Skip to main content

Monoacylglycerol lipase inhibitor JZL184 reduces neuroinflammatory response in APdE9 mice and in adult mouse glial cells



Recently, the role of monoacylglycerol lipase (MAGL) as the principal regulator of simultaneous prostaglandin synthesis and endocannabinoid receptor activation in the CNS was demonstrated. To expand upon previously published research in the field, we observed the effect of the MAGL inhibitor JZL184 during the early-stage proinflammatory response and formation of beta-amyloid (Aβ) in the Alzheimer’s disease mouse model APdE9. We also investigated its effects in proinflammatory agent - induced astrocytes and microglia isolated from adult mice.


Transgenic APdE9 mice (5 months old) were treated with JZL184 (40 mg/kg) or vehicle every day for 1 month. In vivo binding of the neuroinflammation-related, microglia-specific translocator protein (TSPO) targeting radioligand [18 F]GE-180 decreased slightly but statistically non-significantly in multiple brain areas compared to vehicle-treated mice. JZL184 treatment induced a significant decrease in expression levels of inflammation-induced, Iba1-immunoreactive microglia in the hippocampus (P < 0.01) and temporal and parietal (P < 0.05) cortices. JZL184 also induced a marked decrease in total Aβ burden in the temporal (P < 0.001) and parietal (P < 0.01) cortices and, to some extent, in the hippocampus. Adult microglial and astrocyte cultures pre-treated with JZL184 and then exposed to the neuroinflammation-inducing agents lipopolysaccharide (LPS), interferon-gamma (IFN-γ), and Aβ42 had significantly reduced proinflammatory responses compared to cells without JZL184 treatment.


JZL184 decreased the proinflammatory reactions of microglia and reduced the total Aβ burden and its precursors in the APdE9 mouse model. It also reduced the proinflammatory responses of microglia and astrocytes isolated from adult mice.


During early-stage Alzheimer’s disease (AD), the neuroinflammatory responses of hyperactivated glial cells have a major impact on the development of AD pathology, including the formation of neurotoxic beta-amyloid (Aβ) [1,2]. Suppressing inflammatory signaling has had beneficial effects in animal models of AD [3]. On the other hand, molecular imaging of neuroinflammation may be employed for the early diagnosis of AD and to evaluate the patient’s response to treatment.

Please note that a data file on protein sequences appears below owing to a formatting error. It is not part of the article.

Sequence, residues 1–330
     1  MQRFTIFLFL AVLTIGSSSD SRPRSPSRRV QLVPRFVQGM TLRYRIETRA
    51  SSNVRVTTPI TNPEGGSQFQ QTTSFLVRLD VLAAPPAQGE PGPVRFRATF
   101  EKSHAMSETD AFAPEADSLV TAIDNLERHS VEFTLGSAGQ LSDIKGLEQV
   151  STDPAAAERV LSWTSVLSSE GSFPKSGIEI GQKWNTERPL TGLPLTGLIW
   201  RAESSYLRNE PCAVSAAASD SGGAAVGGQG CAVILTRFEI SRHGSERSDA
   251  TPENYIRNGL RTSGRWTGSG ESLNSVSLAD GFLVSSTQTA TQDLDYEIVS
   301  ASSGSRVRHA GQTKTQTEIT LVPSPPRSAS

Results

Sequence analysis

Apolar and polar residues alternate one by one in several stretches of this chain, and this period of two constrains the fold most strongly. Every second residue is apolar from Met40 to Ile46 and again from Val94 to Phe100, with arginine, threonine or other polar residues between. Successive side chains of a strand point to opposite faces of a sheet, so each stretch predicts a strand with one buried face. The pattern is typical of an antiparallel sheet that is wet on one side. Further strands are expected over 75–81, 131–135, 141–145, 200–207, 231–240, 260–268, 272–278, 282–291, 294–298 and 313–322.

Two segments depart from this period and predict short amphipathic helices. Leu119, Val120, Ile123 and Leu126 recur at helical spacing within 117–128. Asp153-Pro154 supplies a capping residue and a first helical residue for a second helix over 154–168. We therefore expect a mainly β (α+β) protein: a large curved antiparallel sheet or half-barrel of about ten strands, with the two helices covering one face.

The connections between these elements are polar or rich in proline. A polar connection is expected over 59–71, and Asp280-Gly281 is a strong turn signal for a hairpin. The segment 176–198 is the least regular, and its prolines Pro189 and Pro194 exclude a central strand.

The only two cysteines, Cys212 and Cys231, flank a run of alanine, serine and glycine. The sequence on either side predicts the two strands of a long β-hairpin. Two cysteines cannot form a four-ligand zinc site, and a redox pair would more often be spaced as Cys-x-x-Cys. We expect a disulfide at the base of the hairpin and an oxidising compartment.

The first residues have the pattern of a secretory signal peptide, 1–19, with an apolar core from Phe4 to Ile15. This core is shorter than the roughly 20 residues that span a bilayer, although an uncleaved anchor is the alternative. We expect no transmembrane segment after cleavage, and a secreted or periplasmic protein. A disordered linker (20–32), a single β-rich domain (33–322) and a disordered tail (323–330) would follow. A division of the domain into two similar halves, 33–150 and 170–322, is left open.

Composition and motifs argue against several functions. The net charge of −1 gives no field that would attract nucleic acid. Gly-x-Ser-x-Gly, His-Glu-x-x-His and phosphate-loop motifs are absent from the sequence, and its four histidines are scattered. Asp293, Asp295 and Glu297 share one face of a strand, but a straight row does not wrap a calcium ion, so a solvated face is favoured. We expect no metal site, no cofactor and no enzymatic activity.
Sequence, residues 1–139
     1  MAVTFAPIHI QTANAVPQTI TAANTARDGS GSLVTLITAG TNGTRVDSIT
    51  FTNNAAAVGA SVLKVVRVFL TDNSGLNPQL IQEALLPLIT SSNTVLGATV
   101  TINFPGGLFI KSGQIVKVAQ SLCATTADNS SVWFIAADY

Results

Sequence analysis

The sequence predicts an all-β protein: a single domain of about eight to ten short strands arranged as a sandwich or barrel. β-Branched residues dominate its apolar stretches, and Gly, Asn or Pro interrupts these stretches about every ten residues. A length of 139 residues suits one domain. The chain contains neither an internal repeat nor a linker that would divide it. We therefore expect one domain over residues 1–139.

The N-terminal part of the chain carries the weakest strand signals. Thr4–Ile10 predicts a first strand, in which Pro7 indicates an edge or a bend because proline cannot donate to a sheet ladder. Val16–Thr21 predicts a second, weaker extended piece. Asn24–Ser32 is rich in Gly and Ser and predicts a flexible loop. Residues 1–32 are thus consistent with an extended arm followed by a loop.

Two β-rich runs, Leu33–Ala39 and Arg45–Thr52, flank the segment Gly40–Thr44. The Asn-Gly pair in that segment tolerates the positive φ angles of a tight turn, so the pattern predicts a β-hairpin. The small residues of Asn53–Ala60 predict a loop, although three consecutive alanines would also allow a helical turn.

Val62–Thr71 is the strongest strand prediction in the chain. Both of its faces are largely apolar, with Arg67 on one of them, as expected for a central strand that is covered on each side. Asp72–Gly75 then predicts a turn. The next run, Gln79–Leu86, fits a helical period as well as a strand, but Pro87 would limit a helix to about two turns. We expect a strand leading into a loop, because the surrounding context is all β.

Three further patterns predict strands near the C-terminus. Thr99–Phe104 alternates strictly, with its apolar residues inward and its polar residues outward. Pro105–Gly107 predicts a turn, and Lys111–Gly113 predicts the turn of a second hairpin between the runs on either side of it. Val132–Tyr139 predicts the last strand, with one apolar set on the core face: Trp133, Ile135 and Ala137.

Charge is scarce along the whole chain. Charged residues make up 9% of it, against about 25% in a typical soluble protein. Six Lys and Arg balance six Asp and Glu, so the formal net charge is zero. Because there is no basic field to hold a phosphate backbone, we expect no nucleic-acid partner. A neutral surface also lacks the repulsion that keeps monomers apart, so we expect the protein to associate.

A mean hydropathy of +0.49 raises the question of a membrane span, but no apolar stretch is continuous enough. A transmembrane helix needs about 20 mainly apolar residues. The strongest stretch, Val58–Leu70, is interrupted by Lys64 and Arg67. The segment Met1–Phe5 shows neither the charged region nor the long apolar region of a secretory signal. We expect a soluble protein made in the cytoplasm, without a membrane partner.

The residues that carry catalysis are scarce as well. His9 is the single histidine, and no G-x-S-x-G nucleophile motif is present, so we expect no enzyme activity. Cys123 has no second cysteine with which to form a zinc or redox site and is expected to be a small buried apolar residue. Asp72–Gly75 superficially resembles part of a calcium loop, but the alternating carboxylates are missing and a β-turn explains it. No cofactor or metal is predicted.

In the brain, the production of proinflammatory prostaglandins is mainly regulated by the activity of monoacylglycerol lipase (MAGL) [4]. MAGL hydrolyzes the anti-inflammatory and neuroprotective endocannabinoid 2-arachidonoylglycerol (2-AG) to arachidonic acid (AA), which is further metabolized to prostaglandins. Inhibition of MAGL by genetic manipulation or the MAGL inhibitor JZL184 reduces the levels of AA and its prostaglandin metabolites E2 and D2. Inhibition of MAGL also increases levels of 2-AG in the brain. Both of these mechanisms are associated with neuroprotection in a parkinsonian mouse model and alleviation of lipopolysaccharide (LPS)-induced neuroinflammation. Moreover, pharmacological [5] and genetic [6] inactivation of MAGL markedly suppresses Aβ load, reduces neuropathology, and improves cognitive function in the AD mouse models 5XFAD and PS1APP. To date, of the MAGL inhibitors, JZL184 has been the most thoroughly characterized in vivo; thus, this compound is widely used as a preclinical tool [7].

We extended the findings of previous studies by investigating the effect of JZL184 on the early-stage proinflammatory response and Aβ deposition in APPSwe/PSEN1dE9 (APdE9) [8] mice. The level of activated microglia in JZL184- and vehicle-treated mice was determined by positron emission tomography-computed tomography (PET/CT). Levels of gliosis and total Aβ were determined by immunohistochemistry. In addition, we studied the effect of JZL184 in glial cultures isolated from adult mice under conditions that mimic neuroinflammation.